Front of Arm or Blade Measure – This mystified me for a long time. It seemed to measure neither the front nor the arm, but across the shoulder blade to the spine. Blade measure is a better name but the two names are used interchangeability throughout the book. The 1891 edition has a better description this is the shoulder blade measurement from the “front of the arm” to the spine. The “front of the arm” is not where you would expect the side seam of a garment to be, but further forward to include the width of the armpit. Using the “small square with measuring tape” hold the ruler vertically against the shoulder with the tape running under your arm to the back.
Height under arm – from the armpit to the natural waist. It’s worth noting that historical garments fit quite high under the arm. Place the end of the tape measure higher than in modern clothes but not right in your armpit. With the ruler of the “small square with tape” hold it horizontally under your arm and let the flexible measuring tape hang down along the side seam.
Breast measure – all round the fullest part of the bust.
Waist Measure – The book tells you to take this measurement tight. This is because the waist is the smallest part of the Victorian silhouette and they wanted clothing to be smooth and taight in this area. For modern clothing I’ll just take a standard, not too tight, not too loose measurement.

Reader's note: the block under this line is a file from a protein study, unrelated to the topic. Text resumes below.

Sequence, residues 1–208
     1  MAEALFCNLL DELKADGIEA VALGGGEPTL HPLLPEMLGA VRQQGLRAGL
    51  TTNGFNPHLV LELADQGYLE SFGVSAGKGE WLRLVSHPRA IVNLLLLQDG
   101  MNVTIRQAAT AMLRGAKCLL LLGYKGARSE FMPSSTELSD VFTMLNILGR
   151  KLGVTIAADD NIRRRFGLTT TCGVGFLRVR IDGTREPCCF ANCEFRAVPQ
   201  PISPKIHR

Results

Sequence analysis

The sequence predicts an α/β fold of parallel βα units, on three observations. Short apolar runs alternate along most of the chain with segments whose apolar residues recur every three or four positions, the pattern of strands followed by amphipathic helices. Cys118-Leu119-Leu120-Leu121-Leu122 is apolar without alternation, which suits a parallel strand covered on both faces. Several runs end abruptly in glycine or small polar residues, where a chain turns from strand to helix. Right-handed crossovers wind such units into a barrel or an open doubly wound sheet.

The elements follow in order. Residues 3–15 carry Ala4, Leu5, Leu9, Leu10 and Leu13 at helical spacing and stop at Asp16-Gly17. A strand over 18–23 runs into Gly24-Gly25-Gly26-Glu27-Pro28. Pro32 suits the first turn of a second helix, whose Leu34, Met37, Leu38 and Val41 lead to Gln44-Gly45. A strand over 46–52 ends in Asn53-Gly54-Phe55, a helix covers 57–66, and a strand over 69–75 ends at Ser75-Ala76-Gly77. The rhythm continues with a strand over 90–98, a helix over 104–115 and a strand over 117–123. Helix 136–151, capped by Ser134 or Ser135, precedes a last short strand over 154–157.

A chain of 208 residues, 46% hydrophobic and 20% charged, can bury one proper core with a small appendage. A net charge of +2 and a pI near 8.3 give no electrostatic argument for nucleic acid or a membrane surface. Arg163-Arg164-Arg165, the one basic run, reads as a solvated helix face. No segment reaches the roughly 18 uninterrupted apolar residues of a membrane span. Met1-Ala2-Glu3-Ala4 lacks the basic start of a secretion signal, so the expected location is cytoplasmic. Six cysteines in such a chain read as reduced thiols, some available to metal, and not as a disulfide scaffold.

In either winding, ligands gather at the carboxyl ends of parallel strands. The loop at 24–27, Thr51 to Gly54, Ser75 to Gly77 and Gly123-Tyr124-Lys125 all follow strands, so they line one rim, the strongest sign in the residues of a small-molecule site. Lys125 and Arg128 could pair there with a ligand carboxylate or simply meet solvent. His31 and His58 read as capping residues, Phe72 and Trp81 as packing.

Hip Measure – this is taken 6″ below the natural waist which may or may not be where you are fullest in the hip. This won’t be too much of an issue as with all these patterns, they all flair out backwards over the hip to accommodate a bustle. It is instructed to be taken loosely but I’ll do the same standard measurement as the waist.
Arm Measures – Measurements are taken from the body around the elbow and wrist as well as the length from the underarm to wrist. The top of the sleeve head isn’t taken from the body but from the bodice pattern after drafting. Arms are drafted separately to the bodice.
Next I’ll start using these measurements to draft the pattern. I’ve done this several times now and I think I’ve worked out all the kinks. I hope this blog post helped solve some Victorian mysteries for you.